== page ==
*Incidentally, this could be another purchase, or something even more valuable like giving to others or supporting spreading the Gospel.  But we’ll save that topic for another day!  🙂

Invest or Save

In today’s post, we’ll explore the important distinction between saving and investing — two terms that, though often erroneously used interchangeably, must be treated in distinctly different ways on your path toward a thriving life.

Be Prepared for the Unexpected

Saving ought to be done first — and for a specific purpose.  As we’ve discussed previously, one of the first milestones you need to hit as you pursue the thriving life is to save a full emergency fund of 3-6 months of expenses.  The emergency fund is not an investment; rather, it exists to protect you from the unexpected expenses that will most certainly come your way.

Damage car

Great places to keep an emergency fund include savings accounts and money market accounts (fnbodirect.com is a great place to get started).  Though the interest you’ll typically earn on such accounts is quite low, they provide a few important benefits that you need for emergency savings.  First, your principle is protected.  This means that your value won’t go down in times of economic recession.  This is important because oftentimes unexpected drains on your cash will come during times of economic hardship nationwide.  With your savings in an account at a bank or in a money market account, you can rest assured that the $10k that you put in will be there when you need it.

Make Your Money Make Money

On the other hand, an investment ought to involve significant growth.  While a savings account is earning less than one percent, a good investment should earn in the neighborhood of ten percent.  But here’s the catch: that 10% rarely comes linearly.  Unlike a savings account which will return 0.5% per year, every year, an investment may earn 5% one year, 30% the next, and -15% the year after that.  The returns are a function of the market you’re invested in (e.g., the stock market or the housing market), so you never know how the investment will do in a given year.  But, you can look at history to draw reasonable conclusions at what the investment should do long term.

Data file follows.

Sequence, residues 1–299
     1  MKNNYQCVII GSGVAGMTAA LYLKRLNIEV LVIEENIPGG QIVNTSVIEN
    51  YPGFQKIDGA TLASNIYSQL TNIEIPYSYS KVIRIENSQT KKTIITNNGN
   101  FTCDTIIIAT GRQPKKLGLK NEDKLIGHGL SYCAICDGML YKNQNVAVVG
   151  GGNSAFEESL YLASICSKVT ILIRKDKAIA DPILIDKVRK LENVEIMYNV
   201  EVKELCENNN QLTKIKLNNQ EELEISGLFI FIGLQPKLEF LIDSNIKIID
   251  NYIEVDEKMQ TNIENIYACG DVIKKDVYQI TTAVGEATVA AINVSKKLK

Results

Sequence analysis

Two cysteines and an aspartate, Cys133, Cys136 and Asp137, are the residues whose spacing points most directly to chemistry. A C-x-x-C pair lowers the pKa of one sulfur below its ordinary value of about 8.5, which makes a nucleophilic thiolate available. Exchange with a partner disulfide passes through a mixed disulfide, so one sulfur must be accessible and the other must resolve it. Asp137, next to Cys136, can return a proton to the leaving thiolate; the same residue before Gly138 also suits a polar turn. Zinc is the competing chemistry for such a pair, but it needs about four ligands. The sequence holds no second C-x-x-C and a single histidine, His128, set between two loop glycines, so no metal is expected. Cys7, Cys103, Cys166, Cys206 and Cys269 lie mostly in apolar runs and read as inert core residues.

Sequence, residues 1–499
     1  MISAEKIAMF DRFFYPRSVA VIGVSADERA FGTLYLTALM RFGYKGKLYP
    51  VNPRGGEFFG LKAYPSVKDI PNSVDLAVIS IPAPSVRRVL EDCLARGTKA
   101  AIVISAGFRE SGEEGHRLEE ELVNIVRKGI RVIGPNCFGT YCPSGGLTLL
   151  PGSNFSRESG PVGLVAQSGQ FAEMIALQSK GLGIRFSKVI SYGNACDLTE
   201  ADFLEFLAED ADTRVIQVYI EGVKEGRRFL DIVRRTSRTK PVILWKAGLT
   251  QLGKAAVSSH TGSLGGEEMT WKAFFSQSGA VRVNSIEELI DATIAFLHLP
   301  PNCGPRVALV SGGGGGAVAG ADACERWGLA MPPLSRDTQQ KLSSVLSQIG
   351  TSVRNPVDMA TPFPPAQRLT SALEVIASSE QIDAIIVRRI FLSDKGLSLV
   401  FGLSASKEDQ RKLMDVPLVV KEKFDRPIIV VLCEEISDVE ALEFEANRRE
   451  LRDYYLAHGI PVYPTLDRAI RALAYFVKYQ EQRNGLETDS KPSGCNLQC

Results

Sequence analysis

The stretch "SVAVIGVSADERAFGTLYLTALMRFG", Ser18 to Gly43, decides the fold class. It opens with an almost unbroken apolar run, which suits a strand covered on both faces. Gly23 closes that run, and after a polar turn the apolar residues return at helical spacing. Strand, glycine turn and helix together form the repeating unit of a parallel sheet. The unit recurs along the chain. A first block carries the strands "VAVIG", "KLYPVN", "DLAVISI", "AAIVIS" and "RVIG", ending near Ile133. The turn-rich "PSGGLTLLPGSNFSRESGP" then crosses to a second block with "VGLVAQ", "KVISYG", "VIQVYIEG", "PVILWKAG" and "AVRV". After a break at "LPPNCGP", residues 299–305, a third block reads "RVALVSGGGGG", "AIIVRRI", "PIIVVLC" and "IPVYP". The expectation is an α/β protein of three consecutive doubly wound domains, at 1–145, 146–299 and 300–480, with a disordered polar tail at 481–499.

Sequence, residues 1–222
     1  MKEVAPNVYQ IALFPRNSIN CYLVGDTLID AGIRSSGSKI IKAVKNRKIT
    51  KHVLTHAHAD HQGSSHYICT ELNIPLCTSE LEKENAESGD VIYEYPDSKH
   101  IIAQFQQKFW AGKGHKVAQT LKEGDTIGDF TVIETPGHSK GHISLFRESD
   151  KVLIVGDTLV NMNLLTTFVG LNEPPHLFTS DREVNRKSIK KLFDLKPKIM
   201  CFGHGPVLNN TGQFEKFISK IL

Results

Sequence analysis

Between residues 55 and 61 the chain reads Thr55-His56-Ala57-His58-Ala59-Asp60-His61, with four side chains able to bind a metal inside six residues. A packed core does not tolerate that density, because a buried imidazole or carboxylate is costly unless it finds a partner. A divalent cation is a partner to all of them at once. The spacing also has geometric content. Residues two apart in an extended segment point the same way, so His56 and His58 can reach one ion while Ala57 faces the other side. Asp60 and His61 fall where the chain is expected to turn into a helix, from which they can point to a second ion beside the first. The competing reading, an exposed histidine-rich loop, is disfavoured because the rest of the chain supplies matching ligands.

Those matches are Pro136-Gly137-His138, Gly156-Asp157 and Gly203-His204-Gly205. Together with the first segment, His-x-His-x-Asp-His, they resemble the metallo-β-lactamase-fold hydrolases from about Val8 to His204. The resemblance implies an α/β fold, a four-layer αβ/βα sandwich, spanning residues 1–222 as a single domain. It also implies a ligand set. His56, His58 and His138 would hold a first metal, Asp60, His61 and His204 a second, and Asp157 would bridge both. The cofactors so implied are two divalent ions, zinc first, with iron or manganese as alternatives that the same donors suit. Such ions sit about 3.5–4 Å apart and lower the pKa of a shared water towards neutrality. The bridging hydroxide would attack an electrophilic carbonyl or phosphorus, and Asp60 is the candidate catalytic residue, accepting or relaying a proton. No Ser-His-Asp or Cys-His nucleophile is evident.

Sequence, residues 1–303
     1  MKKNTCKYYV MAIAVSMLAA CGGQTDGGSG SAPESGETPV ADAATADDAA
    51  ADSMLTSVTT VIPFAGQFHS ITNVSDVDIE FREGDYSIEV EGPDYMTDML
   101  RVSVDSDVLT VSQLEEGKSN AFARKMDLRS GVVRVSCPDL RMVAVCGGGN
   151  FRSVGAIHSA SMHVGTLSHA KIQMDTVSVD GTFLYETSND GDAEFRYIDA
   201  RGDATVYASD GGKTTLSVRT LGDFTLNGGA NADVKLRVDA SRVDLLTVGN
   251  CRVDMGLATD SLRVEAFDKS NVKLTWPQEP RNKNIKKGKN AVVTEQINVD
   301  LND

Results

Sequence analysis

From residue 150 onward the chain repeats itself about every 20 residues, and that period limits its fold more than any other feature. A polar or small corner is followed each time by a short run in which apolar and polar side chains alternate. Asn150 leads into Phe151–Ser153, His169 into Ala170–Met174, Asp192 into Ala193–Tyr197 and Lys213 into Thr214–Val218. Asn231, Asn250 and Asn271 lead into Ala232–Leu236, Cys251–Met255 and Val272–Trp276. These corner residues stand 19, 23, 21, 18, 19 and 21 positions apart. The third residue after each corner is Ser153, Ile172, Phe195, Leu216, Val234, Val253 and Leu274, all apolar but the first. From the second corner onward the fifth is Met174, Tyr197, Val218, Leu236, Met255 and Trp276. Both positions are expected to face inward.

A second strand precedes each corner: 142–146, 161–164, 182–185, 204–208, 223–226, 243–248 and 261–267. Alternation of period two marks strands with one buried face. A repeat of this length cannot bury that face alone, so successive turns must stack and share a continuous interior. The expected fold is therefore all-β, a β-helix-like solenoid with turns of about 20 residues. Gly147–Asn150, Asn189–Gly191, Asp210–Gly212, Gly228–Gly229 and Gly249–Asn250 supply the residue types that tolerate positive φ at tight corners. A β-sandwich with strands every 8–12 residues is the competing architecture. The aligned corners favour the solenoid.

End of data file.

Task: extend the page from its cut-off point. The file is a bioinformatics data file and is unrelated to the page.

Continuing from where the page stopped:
Exhibit A

Take for example a mutual fund we’re quite fond of here at totalthriver.com:  Fidelity Contrafund.  This fund is primarily comprised of stocks of large U.S. companies such as Google, McDonald’s, and Coca-Cola.  The following chart shows the return for each of the last four years:

2008 2009 2010 2011
19.78 -37.16 29.23 16.93

As you can see, 2010 was a great year for this investment, and 2009 was a lousy one.  Of course if you knew that ahead of time you could make a killing!  But since none of us have such knowledge of the future, we must simply follow the averages.  This fund in particular has averaged 15% per year over the past 3 years, and 8% per year over the past 15 years.

Time Horizon is Important

Because even good investments like this one can fluctuate violently, most financial experts only recommend investing when you plan to leave the money alone for five years or more.  Generally, this is a long enough period to ride out the turbulent ups and downs of the market, and give yourself a high probability of making money with your investment.  For short-term savings (e.g. for a newer car or living room set), you’re usually better off to take the guaranteed 0.5% of your money market than risk losing 20% of your money should the market take a bad turn one year.

Make It Happen

In closing, it’s very important to recognize the difference between saving and investing.  As you make progress toward your financial goals, you’ll need to be very intentional with which of the two you’re doing.  Will you be using the money in the next two years?  Open a money market.  Will you be leaving the money alone for the next five years?  An account with scottrade.com or a visit to your local financial advisor (see the “investing ELP” section at DaveRamsey.com) are great places to start.  And as always, be sure to check back at TotalThriver for help along the way!